Sunday, July 22, 2012

In Praise of Light and Shadow: The Bloch Building at the Nelson-Atkins

Such is our way of thinking—we find beauty not in the thing itself but in the patterns of shadows, the light and the darkness, that one thing against another creates.
- Junihiro Tanazaki, In Praise of Shadows

5 years after it opened, I finally made it to the Bloch Building at the Nelson-Atkins Museum with my dad (while back in Kansas City for the All Star Game).  The last time I was there, it was still under construction, and Maura, Wade and I were shooed off of the roofscape by an irritated security guard.  This time, I was able to appreciate the Steven Holl-designed tour-de-force in totality.  With the possible exception of the beautiful siting and procession through the landscape and around the buildings, the outstanding attribute of the Bloch is its treatment of light.  Since the 5 buildings of the Bloch are referred to as "lenses" (by Holl) or as "lanterns" (by everybody else), this makes sense.  The sculpting of daylight is most obvious within the museum, where the ceiling and walls have been carved and curved away from the clerestories.  But it's also being done on the exterior surfaces, such as in the pronounced board formwork of the site cast concrete retaining walls leading down to Rockhill Road along the east edge of the site, the shadows of which accentuate the lines of the landscape.

View of Bloch Building along Rockhill Road

And in the slight kinking of the channel glass facade, which creates a subtle contrast between surfaces of the lanterns, and between the lanterns and the hues of the sky.

The Bloch Building in relation to the original museum, as seen from the South

The embankments of the landscape rise to envelope the museum below, so the lenses are not actually separate buildings, but portions of the building rising above the landscaped roof to create clerestories and atria bathed in soft, natural light.

View of the Bloch Building from the North.  The original museum is to the right and behind the camera, and the sculpture garden is down the hill to the right.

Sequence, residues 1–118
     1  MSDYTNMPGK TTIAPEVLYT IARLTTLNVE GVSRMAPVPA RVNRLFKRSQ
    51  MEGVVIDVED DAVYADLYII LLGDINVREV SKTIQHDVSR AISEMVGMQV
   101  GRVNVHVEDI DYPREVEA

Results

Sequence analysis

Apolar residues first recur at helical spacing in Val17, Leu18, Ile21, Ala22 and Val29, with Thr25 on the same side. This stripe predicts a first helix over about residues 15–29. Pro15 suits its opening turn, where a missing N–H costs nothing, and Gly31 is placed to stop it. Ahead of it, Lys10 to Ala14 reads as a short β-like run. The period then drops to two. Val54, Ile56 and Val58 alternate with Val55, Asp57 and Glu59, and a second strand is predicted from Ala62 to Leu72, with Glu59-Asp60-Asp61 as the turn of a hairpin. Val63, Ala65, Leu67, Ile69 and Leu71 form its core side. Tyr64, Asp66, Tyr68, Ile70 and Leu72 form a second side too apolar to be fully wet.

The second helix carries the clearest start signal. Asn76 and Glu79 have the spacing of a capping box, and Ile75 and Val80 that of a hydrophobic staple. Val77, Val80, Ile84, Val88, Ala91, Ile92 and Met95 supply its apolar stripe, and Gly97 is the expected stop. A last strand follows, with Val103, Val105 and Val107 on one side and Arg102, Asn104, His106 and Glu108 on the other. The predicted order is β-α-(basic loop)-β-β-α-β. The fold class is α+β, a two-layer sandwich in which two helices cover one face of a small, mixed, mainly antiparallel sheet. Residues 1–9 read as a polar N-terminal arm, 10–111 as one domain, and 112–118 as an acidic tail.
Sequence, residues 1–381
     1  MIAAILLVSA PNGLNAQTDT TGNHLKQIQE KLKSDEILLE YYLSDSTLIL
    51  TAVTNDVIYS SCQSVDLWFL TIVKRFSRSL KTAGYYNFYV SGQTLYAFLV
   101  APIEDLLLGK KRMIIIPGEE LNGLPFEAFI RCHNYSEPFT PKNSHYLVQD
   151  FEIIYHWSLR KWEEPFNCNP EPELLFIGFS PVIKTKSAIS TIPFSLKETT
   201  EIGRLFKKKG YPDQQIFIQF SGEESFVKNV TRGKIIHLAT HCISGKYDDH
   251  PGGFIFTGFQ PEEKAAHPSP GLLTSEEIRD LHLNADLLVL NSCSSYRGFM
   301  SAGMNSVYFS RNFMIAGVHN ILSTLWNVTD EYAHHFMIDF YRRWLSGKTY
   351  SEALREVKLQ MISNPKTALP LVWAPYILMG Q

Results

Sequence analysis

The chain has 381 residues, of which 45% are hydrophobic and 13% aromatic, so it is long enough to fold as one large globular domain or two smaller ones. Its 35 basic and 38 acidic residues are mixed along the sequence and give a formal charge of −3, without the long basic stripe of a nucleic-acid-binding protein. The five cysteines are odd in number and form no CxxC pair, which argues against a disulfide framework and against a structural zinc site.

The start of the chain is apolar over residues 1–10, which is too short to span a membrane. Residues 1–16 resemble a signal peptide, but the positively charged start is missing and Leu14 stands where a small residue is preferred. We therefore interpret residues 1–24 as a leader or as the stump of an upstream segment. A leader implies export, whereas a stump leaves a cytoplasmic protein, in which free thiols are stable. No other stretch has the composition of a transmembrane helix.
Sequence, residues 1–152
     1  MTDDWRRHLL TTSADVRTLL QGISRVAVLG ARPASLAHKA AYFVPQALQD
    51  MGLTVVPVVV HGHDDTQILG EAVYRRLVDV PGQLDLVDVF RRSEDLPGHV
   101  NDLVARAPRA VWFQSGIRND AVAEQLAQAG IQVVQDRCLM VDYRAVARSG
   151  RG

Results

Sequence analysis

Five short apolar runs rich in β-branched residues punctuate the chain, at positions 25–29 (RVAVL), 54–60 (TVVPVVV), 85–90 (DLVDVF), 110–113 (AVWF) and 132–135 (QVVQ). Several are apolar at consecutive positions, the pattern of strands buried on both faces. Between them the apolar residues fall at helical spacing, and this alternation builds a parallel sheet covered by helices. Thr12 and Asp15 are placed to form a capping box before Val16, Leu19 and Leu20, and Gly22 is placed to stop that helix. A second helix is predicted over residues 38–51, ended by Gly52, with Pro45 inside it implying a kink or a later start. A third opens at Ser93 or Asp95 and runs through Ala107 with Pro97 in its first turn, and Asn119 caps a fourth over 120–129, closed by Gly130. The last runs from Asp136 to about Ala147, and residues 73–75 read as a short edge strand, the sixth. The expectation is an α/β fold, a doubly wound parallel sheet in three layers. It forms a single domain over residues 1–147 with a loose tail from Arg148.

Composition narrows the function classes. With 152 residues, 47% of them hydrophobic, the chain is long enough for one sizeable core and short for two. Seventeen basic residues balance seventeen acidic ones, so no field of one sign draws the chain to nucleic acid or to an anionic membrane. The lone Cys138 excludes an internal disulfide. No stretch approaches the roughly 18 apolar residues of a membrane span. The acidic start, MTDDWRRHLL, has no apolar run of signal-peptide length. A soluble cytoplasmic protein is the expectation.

An aerial view helps to clarify what's going on:

Aerial view from West (courtesy of Google Maps)
A clean system of channel glass and stainless steel fittings and trim enhances the perception of the buildings as massive geometric objects emerging from the ground.

One of the lanterns embedded into the landscaped roof, along with coping and base details

Visitors enter at the North end, which is largely above ground.  The atrium is washed in a soft, bright daylight filtering through an innovative wall system developed with Heintges (curtain wall consultants).  Bendheim Glass fabricated a custom 16" wide double-skin channel glass module infilled with Okapane, a translucent light-diffusing insulating material composed of acrylic tubes.  The rhythm of the three-story glass wall is traversed by a cascading staircase leading from the upper lobby to administrative spaces above (I believe).  

Main Atrium of the Bloch Building

Against the brightness of the atrium, the adjoining galleries and the entrance to the original building stand in stark contrast.  The sequence modulates from light to dark and shades between, leading to stunning moments such as below, where the ceiling peels away to capture the sunlight once more.   

Clerestories formed by "cutting away" the landscape from the building

At certain points, the translucent veil is lifted--at the entrance, at the connection to the sculpture garden.  Instead of creating an atmospheric glow or a subdued dimness, the design selectively frames a focal point without.

Connection from Bloch Building to sculpture garden.  Sculptures by Isamu Noguchi can be seen in the foreground.

Even the parking garage, that most utilitarian of structures, cannot escape the penetrating gaze of the Sun.  The undulating concrete roof is punctuated by circular skylights carved into the base of the reflecting pool above, giving the sunbeams a playful air as the water dances across the lens.

Parking garage, beneath the reflecting pool

One of my favorite pieces in the museum's collection also happened to involve a dramatic manipulation of light and shadow: a three-dimensional mural by the Argentine-born French artist Luis Tomasello.  Tomasello is known for creating the Atmosphère chromoplastique, in which white geometric objects with (oftentimes) colored backsides are arranged on a white surface, so that the resulting shadows take on the hue of the color.  It's quite beautiful, and and a striking subversion of traditional notions of color and shadow.

Luis Tomasello, "Chromoplastic Mural"

For further exploration into Tomasello's work, process, philosophy and influences, check out this interview with the artist, helpfully posted by the Nelson Atkins.  It's in French, but fear not... there are subtitles.

If you ever find yourself in Kansas City--or Wichita or Omaha or St. Louis, even--I cannot recommend highly enough a trip to the Nelson-Atkins, whether you're an art enthusiast, an archi-tourist, or both.  And if you finish and feel a little too high fallutin', shift gears and treat yourself to some Gates barbecue.

UPDATE: Marc Fink from Bendheim Wall Systems (which supplied the custom Lamberts channel glass) has helpfully written to fill in the blanks regarding the rest of the design/construction team for glass at the Bloch:

Managing Architect: BNIM
General Contractor: JE Dunn
Glaziers: Carter Glass
Structural Engineer: Kelley Gipple

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